Cannabigerol (CBG): The Traffic Cop of Cannabinoids

By Gooey Rabinski | May 20, 2015

Proponents of medical cannabis often hail it as a miracle cure, while prohibitionists ignorantly claim that the herb is “dangerous.” In reality, any of more than 110 cannabinoids may be present in marijuana, the active molecules that provide therapeutic relief to patients and fit seamlessly into the endocannabinoid receptors of the human brain, nervous system, and organs.

Despite a pronounced lack of research, studies to date indicate that cannabinoids interact is a very specialized and complex manner, creating a synergy and homeostasis (balance) that depends on not only which cannabinoids are present, but also their exact ratios. However, most research and attention has been devoted to the major cannabinoids in marijuana, THC and CBD.

Several states have already passed or are considering very limited laws allowing patients to consume cannabis extracts, such as those high in CBD but lacking THC. What about other cannabinoids, however? With dozens having been discovered — but relatively little known about them — what medical relief can be gained from lesser-known cannabinoids?


Cannabigerol, or CBG, is a non-psychoactive cannabinoid typically found in low-THC strains. In fact, it is abundant in many types of hemp, the variety of cannabis almost completely lacking THC (to qualify as hemp, a strain must contain no more than 0.3 percent THC).

While federal-level prohibition has prevented much credible research from being conducted, what is known about CBG?


First, due to the manner in which CBG interacts with the brain’s endocannabinoid receptors, it is believed that it may counteract the paranoia that is associated with some strains of high-THC cannabis in some patients. It appears that CBG may act as a buffer, allowing such patients to consume medicine that would otherwise deliver a potentially debilitating psychological side effect. CBG also seems to mimic CBD in that it battles inflammation and reduces anxiety and muscle tension.

Fighting Tumors

In addition, some believe that CBG is key to fighting cancerous tumors. Cannabis strains high in CBG have also been found to be an effective treatment for glaucoma due to the fact that they help decrease pressure in the eye and expedite the drainage of fluids. Among CBG’s most impressive qualities are its anti-inflammatory properties, which could help patients with a variety of ailments — most notably inflammatory bowel disease and maybe even Crohn’s. CBG is also believed to help with depression and act as an anti-oxidant (helping prevent a variety of age-related diseases).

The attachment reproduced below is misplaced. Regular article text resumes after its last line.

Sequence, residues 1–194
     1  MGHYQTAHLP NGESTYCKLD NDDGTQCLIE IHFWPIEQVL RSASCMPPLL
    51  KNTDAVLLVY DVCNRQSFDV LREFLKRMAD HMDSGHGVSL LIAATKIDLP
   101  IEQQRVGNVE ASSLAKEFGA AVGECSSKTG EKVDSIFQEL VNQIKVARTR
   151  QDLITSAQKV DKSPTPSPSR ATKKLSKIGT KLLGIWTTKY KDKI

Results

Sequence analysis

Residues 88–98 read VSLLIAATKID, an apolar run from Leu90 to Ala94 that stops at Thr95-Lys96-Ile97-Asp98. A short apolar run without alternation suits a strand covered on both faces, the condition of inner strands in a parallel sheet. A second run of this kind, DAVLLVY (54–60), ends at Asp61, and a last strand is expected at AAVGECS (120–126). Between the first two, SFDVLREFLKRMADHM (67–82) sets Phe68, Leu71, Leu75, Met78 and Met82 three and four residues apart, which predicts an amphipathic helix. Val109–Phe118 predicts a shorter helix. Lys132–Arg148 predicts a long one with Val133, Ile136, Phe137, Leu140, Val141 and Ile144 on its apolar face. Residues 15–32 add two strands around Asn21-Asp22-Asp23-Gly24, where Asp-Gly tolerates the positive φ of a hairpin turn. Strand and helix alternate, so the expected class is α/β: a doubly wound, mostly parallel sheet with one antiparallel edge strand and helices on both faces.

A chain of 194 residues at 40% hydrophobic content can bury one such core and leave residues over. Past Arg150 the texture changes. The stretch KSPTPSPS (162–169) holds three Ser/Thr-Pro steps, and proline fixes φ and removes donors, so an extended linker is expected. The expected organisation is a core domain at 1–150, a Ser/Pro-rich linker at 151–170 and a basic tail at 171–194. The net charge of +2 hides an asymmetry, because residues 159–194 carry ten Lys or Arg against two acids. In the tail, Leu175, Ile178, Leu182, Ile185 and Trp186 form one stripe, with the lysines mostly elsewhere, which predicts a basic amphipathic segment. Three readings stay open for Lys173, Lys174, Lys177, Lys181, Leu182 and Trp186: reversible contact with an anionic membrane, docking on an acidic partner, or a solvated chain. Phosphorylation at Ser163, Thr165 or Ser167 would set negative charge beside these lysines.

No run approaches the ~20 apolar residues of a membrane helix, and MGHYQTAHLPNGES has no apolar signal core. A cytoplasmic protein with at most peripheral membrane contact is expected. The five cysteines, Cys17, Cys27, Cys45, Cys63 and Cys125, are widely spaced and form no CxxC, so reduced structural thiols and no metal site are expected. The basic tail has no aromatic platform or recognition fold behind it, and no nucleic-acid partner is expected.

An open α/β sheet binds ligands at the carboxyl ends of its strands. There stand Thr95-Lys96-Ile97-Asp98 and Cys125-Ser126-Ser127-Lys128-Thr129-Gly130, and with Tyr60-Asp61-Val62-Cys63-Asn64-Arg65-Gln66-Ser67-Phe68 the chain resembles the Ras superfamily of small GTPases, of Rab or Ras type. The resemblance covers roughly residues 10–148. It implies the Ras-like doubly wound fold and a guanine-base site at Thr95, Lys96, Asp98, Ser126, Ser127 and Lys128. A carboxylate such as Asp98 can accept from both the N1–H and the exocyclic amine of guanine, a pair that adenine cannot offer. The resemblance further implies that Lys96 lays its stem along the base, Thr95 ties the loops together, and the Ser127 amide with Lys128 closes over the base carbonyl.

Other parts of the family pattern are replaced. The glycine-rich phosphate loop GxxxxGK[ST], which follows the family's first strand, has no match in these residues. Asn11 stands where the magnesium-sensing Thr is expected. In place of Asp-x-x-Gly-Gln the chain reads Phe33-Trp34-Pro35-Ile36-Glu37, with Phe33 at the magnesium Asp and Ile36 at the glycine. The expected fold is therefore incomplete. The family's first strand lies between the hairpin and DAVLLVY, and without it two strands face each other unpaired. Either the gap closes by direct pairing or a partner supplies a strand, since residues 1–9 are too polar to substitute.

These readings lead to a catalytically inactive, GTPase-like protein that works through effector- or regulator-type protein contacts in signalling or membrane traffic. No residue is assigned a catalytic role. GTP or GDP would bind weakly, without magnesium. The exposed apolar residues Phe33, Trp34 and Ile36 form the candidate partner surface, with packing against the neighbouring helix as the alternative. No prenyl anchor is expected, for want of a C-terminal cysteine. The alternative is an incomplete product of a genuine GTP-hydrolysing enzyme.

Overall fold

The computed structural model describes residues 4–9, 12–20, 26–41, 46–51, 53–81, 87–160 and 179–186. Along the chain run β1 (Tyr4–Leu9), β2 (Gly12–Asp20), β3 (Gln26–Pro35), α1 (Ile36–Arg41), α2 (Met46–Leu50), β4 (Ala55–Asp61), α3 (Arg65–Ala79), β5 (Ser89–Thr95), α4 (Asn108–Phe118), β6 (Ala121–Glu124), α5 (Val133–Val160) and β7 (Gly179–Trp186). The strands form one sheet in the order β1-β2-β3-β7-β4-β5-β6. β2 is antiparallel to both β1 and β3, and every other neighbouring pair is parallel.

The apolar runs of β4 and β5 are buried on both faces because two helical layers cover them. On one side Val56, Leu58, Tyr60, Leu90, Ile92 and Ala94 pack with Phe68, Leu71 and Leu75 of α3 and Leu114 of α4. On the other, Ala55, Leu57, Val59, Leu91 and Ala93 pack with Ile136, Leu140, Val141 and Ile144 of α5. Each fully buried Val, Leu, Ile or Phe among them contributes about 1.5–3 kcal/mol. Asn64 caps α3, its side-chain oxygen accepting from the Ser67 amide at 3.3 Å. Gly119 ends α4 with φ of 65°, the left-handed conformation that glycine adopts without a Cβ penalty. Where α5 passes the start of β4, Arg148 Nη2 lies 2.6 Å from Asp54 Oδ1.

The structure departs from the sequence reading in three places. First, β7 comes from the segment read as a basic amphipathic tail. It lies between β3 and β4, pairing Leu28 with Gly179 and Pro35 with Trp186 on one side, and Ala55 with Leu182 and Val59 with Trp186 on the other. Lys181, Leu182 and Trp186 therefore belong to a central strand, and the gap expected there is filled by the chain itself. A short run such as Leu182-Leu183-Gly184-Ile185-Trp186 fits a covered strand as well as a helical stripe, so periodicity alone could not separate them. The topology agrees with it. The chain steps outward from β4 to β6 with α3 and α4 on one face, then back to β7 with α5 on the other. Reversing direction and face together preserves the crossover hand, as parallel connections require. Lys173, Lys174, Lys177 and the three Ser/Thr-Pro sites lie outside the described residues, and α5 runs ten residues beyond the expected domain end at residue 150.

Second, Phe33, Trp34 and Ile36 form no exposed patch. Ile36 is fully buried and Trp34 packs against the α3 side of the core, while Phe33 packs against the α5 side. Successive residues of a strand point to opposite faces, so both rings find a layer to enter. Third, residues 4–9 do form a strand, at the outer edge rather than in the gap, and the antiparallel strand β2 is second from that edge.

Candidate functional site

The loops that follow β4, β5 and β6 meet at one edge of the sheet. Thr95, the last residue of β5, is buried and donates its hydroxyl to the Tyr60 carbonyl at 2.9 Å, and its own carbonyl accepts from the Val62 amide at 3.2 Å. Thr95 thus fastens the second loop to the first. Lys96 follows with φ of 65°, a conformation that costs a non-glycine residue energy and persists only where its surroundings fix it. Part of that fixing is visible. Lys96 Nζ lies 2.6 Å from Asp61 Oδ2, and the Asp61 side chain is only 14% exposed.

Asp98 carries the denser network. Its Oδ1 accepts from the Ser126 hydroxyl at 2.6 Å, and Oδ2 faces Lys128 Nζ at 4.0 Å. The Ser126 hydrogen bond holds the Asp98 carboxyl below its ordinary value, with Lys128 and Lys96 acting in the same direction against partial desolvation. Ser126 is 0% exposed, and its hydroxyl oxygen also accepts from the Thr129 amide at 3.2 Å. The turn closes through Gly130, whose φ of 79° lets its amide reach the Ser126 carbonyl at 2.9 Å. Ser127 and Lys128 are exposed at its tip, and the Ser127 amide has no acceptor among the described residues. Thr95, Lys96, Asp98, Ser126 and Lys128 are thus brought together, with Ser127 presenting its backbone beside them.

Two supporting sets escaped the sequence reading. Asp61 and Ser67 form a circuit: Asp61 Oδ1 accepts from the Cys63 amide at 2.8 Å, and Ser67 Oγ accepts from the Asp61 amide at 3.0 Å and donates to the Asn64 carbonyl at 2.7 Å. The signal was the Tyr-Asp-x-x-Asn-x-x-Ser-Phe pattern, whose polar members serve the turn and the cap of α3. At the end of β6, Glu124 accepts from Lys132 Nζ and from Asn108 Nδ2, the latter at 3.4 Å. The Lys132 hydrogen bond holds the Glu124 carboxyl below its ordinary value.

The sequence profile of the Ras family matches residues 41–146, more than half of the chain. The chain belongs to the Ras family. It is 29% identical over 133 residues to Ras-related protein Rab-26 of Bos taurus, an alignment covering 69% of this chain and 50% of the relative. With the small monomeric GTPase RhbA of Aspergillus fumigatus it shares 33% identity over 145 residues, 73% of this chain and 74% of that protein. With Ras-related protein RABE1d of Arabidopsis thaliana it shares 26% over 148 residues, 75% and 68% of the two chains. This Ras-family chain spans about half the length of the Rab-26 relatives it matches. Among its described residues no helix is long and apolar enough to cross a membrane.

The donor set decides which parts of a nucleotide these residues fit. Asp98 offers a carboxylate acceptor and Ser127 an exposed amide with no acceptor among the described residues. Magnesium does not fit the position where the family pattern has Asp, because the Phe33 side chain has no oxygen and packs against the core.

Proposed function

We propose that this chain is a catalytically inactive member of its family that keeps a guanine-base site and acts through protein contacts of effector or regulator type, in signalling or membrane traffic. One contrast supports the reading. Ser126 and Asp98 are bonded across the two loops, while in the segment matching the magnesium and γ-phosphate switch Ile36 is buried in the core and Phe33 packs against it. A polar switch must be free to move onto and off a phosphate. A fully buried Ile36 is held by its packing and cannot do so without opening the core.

Making it exceptional among all cannabinoids, CBG is believed to play a synergistic role when consumed by humans. Some studies indicate that it helps balance the effects of different cannabinoids, acting as a cannabis efficacy “traffic cop.”


One reason that researchers know relatively little about CBG is because it works behind the scenes and helps determine the potency of other cannabinoids in cannabis. In fact, CBG is the “larval stage” of all other cannabinoids. It appears that most or all cannabinoids begin their lives as CBG and are then converted to other types by specialized enzymes in the plant. This explains why CBG is present in such small amounts in most cannabis strains.

Strains High in CBG

The promise of cannabinoids like CBG is so great that some seed companies are breeding strains of marijuana that are purposefully high in this relatively unknown cannabinoid. However, due to the entourage effect — the idea that cannabinoids and terpenes (terpenoids) work together to deliver medical efficacy — many cannabis breeders are purposefully including THC in the mix.

One example is TGA Genetics Subcool Seeds, a company that has created a cannabis strain that is high in both THC and CBG. Called Mickey Kush, this strain is an effort to measure the value of such strains for a variety of ailments.

Despite ignorance of the functionality of most cannabinoids, one thing is certain: Researchers and doctors are learning that cannabinoids interact synergistically. Isolating particular cannabinoids, although effective in preventing sometimes unwanted side effects such as euphoria, may be an overall poor strategy for patients.

Due to the complex and nuanced interplay of phytocannabinoids (those derived from plants, like cannabis) and the human endocannabinoid system, much more must be learned before breeders and researchers can deliver maximum efficacy to the greatest number of patients.

The CBG cannabinoid:

  • reduces inflammation (helpful for inflammatory bowel disease)
  • reduces paranoia and anxiety
  • decreases the ocular pressure of glaucoma
  • reduces or eliminates cancerous tumors
  • acts as an anti-bacterial agent

Photo credit: truthonpot

Gooey Rabinski

Gooey Rabinski is the author of Understanding Medical Marijuana.

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